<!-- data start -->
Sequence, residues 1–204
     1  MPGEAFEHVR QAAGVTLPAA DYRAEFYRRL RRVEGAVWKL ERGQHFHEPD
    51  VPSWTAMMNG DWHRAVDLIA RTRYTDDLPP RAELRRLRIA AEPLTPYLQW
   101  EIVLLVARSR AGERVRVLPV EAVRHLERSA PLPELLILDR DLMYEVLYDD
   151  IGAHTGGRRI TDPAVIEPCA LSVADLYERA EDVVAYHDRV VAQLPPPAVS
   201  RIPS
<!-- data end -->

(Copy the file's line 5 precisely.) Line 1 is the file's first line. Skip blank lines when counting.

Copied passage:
   151  IGAHTGGRRI TDPAVIEPCA LSVADLYERA EDVVAYHDRV VAQLPPPAVS